"These daily games seep into the consciousness of citizens who insist they have stopped paying attention to baseball," writes George Vescey, veteran sports columnist for The New York Times, in his book Baseball: A History of America's Favorite Game. "People say they became disillusioned at their favorite team's defection to another town, or the serial labor shutdowns of the past generation, and they claim they would rather watch pro football or stock cars going around in circles, or whatever.

"They declared they are turned off by high salaries as well as the steroid generation that saw bulked-up sluggers whacking home runs at an unprecedented rate, but the reality is that baseball has survived gambling plots, outlaw leagues, racial segregation, depression, world wars, the early death of a stunning number of its heroes, financial failures of teams, inept ownership, the bad taste of its sponsors and networks, blundering commissioners, inroads by other sports. It endures."

In fact, it thrives - even at a time when competition from other sports, and competition from all forms of entertainment, has never been greater.

According to Major League Baseball, the game is on pace to set an overall regular-season attendance record for the fourth consecutive year. Through last Sunday, 46.3 million fans attended games, a 4.7 percent increase over the 2006 season.

Additionally, the 16 games played Saturday, July 20, drew 639,628 fans, the second-largest single-day attendance figure in history.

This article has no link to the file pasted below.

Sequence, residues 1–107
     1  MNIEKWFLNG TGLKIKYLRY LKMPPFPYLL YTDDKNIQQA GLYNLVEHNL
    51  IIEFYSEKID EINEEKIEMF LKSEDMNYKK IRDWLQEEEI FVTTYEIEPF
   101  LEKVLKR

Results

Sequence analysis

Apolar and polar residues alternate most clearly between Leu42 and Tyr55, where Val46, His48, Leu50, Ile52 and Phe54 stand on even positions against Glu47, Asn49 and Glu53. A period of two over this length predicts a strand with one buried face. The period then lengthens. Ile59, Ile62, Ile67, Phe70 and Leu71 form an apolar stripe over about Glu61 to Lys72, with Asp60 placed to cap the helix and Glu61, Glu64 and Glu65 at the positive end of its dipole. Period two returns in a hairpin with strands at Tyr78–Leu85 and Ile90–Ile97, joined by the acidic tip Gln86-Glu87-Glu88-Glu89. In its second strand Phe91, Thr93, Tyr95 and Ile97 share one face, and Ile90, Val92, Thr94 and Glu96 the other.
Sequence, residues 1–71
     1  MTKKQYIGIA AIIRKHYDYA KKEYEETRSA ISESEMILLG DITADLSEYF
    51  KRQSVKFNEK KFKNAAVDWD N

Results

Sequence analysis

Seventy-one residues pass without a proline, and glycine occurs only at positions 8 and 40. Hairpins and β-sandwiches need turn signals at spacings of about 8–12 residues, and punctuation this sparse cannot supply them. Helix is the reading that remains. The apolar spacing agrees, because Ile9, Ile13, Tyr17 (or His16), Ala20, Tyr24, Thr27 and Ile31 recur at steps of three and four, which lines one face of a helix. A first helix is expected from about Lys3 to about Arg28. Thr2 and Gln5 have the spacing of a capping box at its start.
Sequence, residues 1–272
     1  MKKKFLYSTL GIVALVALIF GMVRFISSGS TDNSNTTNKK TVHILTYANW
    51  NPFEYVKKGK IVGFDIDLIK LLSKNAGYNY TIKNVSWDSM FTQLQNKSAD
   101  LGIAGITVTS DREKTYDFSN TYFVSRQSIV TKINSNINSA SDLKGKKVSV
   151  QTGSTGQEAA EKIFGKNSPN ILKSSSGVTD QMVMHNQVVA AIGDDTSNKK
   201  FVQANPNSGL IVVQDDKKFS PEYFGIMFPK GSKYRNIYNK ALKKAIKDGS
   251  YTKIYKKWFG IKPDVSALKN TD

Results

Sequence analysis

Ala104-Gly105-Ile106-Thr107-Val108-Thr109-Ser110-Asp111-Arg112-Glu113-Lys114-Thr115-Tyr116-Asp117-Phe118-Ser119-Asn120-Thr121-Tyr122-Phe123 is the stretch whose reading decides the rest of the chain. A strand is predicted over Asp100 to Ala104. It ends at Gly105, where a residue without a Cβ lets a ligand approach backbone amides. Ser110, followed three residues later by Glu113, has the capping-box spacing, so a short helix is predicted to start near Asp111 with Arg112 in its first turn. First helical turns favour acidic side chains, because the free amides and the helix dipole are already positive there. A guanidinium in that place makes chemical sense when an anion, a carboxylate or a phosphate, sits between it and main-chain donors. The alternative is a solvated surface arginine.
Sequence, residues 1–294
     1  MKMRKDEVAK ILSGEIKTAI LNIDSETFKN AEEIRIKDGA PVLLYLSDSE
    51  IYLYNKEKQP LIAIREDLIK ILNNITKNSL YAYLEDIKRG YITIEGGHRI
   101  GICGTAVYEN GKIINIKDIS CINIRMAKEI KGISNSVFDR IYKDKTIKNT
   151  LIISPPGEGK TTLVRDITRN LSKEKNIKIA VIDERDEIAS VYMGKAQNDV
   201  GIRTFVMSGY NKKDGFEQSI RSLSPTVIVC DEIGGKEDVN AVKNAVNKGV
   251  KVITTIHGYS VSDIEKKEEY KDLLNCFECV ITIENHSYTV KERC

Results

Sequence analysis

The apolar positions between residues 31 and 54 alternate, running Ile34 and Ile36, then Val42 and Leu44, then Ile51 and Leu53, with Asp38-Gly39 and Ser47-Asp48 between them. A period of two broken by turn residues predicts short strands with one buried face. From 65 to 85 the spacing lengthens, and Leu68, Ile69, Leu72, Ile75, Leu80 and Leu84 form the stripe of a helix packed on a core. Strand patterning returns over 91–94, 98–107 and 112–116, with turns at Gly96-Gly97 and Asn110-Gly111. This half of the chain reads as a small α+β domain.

Jim Palmer, the Hall of Fame pitcher and veteran Orioles broadcaster, says part of baseball's enduring appeal is that it's still perceived as a sport for Everyman - not necessarily the fastest, tallest and strongest super-athletes.

"You don't have to be 6-9 or weigh 300 pounds to play it," says the three-time Cy Young Award winner. "It's a game for everybody."

As proof, Palmer could point to a succession of lumpy guys (Jim Traber, Sam Horn, David Wells, Kevin Millar, et al) who played for the Orioles, never seemed to skip the post-game fries and were embraced by the fans.

Instead, he brings up Orioles All-Star second baseman Brian Roberts, a player of modest stature (5-feet-9, 180 pounds).

"He's our best player now," says Palmer, who adds that it's Roberts' innate talent, dedication and grueling off-season workouts that have made him the player he is today.